Nicole built a Review UI for JSON files, the counterpart to the XML Review UI. To allow for custom rendering options required by both, Nicole’s been building out our baseline Review UI support, allowing them to define utility URLs that can, for instance, re-render parts of content based on the toggle of a checkbox. Adil’s been working with her on the client side of this.

Binary Files and Minified Files in the Diff Viewer

Ceegan’s been building out a feature that we’ve been wanting to bring for a long time. Years back, when we first wrote Review UIs, we intended to use them in the diff viewer so that images, PDFs, etc. that are part of commits could be reviewed without having to upload a separate file attachment.

The base of this work existed in Review Board but was never completed. There were still some missing pieces, problems to solve. That’s what Ceegan’s focusing on: Prototyping the rest of this, getting binary files in the diff viewer working so we can see what’s left.

To get his feet wet, Ceegan built another really useful feature that will make web app developers out there happy. Minified files (*.min.js, *.min.css, etc.) no longer show up as a giant wall of text. Instead, we note to the reviewer that it’s a minifed file and they might not care about it but they can click to see the content. Just like with deleted files.

Demos!

Throughout the semester, we have our students put together demo videos showing off and talking about their work up to that point. We’ve recently completed the Demo 2 milestone, so we have a nice batch of videos to show off.

All videos are uploaded to our YouTube channel. Subscribe to keep up with content as we upload it.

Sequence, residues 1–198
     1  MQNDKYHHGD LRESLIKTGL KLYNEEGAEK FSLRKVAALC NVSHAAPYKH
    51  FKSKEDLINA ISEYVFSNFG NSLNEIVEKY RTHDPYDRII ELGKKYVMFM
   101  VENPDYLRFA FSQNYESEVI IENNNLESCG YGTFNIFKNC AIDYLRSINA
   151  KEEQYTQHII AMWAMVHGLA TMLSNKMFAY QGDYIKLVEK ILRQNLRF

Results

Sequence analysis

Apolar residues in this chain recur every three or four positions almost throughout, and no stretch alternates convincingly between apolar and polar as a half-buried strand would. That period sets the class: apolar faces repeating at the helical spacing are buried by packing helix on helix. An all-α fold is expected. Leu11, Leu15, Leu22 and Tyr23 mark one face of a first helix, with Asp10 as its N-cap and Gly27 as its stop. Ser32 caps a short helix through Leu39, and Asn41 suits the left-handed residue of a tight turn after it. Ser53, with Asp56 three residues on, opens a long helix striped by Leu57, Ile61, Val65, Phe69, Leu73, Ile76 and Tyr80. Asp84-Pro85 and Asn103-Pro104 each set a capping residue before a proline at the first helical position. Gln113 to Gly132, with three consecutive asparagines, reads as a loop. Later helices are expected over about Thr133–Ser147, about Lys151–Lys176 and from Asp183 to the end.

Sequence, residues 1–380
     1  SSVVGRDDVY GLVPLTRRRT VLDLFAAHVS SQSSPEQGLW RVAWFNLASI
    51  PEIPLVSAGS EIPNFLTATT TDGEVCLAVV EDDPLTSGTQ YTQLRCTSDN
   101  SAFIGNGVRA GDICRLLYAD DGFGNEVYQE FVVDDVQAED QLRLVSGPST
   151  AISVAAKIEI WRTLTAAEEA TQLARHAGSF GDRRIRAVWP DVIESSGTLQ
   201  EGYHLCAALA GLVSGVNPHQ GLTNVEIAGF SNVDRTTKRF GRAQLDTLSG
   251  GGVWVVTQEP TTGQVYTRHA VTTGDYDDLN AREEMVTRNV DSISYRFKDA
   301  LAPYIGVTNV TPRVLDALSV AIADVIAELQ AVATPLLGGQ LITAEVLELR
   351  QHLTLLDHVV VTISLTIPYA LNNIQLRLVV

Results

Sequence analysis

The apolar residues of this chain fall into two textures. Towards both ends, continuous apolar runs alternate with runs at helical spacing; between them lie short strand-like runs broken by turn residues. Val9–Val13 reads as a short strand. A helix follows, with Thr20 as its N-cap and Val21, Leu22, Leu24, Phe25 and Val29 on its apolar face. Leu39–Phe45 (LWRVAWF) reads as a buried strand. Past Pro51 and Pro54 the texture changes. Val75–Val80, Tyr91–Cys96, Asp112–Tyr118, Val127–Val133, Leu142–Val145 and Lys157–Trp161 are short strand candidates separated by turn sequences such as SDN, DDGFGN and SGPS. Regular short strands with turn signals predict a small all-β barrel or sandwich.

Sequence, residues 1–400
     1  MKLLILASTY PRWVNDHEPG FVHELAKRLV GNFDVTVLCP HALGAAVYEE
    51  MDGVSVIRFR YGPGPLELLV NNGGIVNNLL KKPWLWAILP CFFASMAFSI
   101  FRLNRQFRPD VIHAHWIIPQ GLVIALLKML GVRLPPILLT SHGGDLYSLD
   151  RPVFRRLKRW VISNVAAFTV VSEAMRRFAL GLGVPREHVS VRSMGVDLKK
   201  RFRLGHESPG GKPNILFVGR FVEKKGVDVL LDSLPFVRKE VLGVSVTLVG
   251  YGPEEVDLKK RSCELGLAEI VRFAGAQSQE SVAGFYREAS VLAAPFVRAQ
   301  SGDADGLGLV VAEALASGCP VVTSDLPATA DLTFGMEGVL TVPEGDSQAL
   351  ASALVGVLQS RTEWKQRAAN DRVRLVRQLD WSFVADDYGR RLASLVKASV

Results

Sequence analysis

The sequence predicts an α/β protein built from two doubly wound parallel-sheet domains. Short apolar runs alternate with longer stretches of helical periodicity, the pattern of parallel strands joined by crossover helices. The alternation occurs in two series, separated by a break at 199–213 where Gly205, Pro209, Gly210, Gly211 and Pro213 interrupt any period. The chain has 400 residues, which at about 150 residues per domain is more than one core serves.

And here are the videos this semester:

Adil Malik

Ceegan Hale

Nicole Hagerman

Wrapping Up

Our students work really hard for their projects, so if you have anything encouraging to say, you’d make their day by saying it on their videos 🙂

We’re hoping to get these in shape to land as part of Review Board 4.0 and 5.0, but it depends on the work that remains once the semester is over.

That’s it for this week, though. If you have any questions, or anything you’re curious about and want us to cover, please reach out on our community forum.

We’re also on reddit /r/reviewboard, Twitter, and Facebook, and of course YouTube if you want other ways to keep up with the latest.

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Introducing Issue Verification and Ship-It! Revocation

We’ve all been there…

It’s a week before the deadline. Your team is working through the night, eager to land their changes as quickly as possible. Your teammate, Jake, was feeling frazzled as he was trying to fix all the issues that had been filed on his review request. He’d just finished the issue you had filed and marked it “fixed.” Shortly after, another teammate files a new review with a “Ship It!” Breathing a sigh of relief, and eager to go home, Jake immediately lands the change.

It wasn’t until after the release of the product that you realized Jake had missed something important in your feedback. While his change had fixed the bug, it had broken another feature. You hadn’t had the chance to look over his change after he’d fixed it, since you were busy and it had fallen off your dashboard once it landed. If only Jake knew you wanted to take a second look, the release would have gone a lot more smoothly.

With Review Board 3.0, you can prevent this from ever happening again. We’ve added a new feature, Issue Verification, which keeps issues open until the reviewer has a chance to verify the fix.

You can activate this feature by checking the “Require Verification” box when opening a new issue.

 

 

Once the owner of the change resolves the issue as “Fixed” or “Dropped,” the status will change to “Pending Verification.” At this point, the issue is still considered open. It will be up to the reviewer to look over the fix and click “Verify Fixed” before it can be closed.

 

Filed a Ship It! prematurely and wish you could take it back?

Now you can with Review Board 3.0’s new Revocable Ship It! feature. The “Ship It!” label on any reviews you file will now have a little “x” button. Just click and confirm that you want to revoke it, and the review’s “Ship It!” tag will be removed, with the “Ship It!” text crossed out in the review.

 

 

These new features will help ensure that important reviewer feedback is addressed and that an unintentional or outdated “Ship It!” review no longer lets changes into the codebase prematurely. These features have been requested by many of you, and we would love to hear if they improve the review process for your team!